PRINTABLE VERSION   EMAIL TO A FRIEND   RSS FEEDS 10:05 GMT, Wednesday, 14th May 2014, by Mike Verdin
Morning markets: canola futures extend rally. Can it last?

How long can canola's rally go on?

July futures in the last session managed a fifth successive positive close, in a rally in which it has gained 6.0%.

The recovery in canola futures to their best close in the last session in six months (on a nearest-but-one contract basis) has been fuelled by concerns over sowings delays in Canada, the major grower of the rapeseed variant.

Much of the Prairies, Canada's main growing region, is suffering from the same damp and cold conditions holding back corn sowings in the US northern Midwest states such as Minnesota, Michigan and North Dakota.

"Wet and cool field conditions currently exist in the Canadian prairies," said Gail Martell at Martell Crop Projections, adding that a "rash of heavy rain showers in late April turned fields wet."

Indeed, "up to 100mm of rain developed in a large segment" of the main growing province of Saskatchewan, which on average receives 15mm-18mm during April.

'Reluctance to sell'

"Cold and wet weather in Canada is keeping producers out of the fields," said Sterling Smith at Citigroup, adding that "this is adding to producers' reluctance to sell".

A weaker Canadian dollar has also fuelled the recovery in canola, which has now bounced 23% from a low three months ago (again on a nearest-but-one contract basis).

And technical pointers have proven more positive too, encouraging some fund buying.

Mr Smith noted that strength in the last session "allowed canola to break through a nearby resistance area" on the charts, with the July contract also closing above its 200-day moving average for the first time in eight months.

'Expected to warm up'

And the ascent continued in early deals on Wednesday, when the July contract broke through the psychologically important Can$500-a-tonne mark to stand at $Can$501.00 a tonne in Winnipeg as of (10:30 UK time 04:00 Chicago time), up 0.8%.

But will improve planting conditions snuff out the recovery?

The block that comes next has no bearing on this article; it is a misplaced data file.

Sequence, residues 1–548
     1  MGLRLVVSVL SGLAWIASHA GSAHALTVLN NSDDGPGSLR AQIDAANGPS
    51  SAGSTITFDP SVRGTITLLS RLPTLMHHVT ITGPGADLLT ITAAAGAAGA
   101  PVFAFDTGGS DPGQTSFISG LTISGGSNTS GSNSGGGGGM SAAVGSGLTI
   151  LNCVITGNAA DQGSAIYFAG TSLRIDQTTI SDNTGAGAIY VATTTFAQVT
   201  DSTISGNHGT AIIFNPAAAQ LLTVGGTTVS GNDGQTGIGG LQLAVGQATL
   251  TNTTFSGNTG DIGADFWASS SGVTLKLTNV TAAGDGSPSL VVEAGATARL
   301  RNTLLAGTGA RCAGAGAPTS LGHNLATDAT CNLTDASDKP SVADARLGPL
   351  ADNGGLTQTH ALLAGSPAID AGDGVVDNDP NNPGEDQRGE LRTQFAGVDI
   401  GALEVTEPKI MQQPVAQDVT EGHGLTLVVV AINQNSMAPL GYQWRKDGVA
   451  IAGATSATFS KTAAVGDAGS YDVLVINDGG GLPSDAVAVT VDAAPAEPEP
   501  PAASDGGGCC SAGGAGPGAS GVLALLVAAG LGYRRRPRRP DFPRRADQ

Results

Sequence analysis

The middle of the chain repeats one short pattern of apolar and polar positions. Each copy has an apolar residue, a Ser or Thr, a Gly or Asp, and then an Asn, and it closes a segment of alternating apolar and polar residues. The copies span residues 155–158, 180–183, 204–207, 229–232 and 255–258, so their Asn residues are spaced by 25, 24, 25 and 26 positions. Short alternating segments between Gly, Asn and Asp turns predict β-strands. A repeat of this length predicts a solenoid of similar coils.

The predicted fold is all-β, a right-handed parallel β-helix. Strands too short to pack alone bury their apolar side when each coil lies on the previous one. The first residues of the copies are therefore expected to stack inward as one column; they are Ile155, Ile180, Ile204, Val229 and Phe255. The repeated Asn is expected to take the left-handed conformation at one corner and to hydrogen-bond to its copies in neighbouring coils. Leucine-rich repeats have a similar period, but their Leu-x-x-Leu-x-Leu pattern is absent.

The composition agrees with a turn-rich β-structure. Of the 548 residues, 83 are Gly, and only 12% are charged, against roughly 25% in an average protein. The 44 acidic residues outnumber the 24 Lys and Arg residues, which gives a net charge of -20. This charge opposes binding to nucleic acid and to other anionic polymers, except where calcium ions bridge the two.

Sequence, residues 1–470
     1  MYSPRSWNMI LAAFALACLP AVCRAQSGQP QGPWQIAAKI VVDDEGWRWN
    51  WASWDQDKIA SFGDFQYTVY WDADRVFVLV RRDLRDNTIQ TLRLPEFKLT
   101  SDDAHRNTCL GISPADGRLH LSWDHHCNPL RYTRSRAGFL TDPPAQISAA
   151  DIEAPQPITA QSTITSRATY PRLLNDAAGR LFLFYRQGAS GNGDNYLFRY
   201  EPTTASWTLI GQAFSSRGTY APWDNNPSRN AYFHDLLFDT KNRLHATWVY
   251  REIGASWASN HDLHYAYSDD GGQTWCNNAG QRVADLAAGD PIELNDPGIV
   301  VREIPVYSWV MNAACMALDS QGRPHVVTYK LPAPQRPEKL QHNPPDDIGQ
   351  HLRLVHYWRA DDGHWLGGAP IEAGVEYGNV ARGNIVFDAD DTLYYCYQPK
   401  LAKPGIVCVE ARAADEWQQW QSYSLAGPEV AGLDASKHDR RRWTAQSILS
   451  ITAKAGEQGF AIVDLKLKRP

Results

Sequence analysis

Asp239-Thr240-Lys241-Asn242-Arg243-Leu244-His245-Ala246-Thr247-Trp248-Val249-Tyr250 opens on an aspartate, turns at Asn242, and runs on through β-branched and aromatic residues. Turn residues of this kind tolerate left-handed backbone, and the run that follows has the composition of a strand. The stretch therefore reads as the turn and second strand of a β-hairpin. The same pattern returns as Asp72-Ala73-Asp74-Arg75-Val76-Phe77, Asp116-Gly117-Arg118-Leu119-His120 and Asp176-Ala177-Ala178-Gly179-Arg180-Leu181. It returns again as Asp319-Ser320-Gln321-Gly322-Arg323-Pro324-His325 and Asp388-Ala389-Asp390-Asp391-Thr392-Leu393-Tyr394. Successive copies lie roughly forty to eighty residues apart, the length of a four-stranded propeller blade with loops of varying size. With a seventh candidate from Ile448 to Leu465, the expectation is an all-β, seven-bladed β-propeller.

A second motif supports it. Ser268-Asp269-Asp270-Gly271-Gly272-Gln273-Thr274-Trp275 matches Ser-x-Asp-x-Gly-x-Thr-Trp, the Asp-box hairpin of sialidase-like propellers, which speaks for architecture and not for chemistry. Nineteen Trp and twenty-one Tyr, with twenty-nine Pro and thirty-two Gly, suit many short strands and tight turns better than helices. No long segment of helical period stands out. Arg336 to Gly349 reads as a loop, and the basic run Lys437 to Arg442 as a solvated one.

Ms Martell said that "Saskatchewan is expected to warm up this week, permitting fieldwork.

"The jet stream is expected to build up a warm ridge of high pressure over western North America influencing the weather in Alberta and Saskatchewan," she said.

"This would be ideal for warming and drying fields, and advancing planting."

China auction

Elsewhere among oilseeds, palm oil extended its recovery in Kuala Lumpur, adding 0.6% to 2,606 ringgit a tonne, continuing to feel a glow from the strong Malaysian export data for early May released earlier in the week.

And, for soybean investors, attention turned to China's auction from state reserves, of 300,000 tonnes, the first in a programme expected to release 3m tonnes.

On Tuesday, the announcement of a higher-than-expected auction floor price, of 3,920 yuan a tonne, was widely credited for offering support to soybean prices on both China's Dalian exchange and the Chicago Board of Trade.

So how would markets take the actual result of the auction on Wednesday, which showed that 92.1% of the soybeans were sold, at an average price of 4,322 yuan a tonne?

'Unusually large'

On the Dalian, the result was taken as unequivocally bullish, with soybeans for September settling up 1.7% at 4,497 yuan a tonne.

On Chicago, the reaction was more mixed. The high auction sale price, equivalent to $694 a tonne, or more than $18.80 a bushel, bodes well for the competitiveness of US supplies.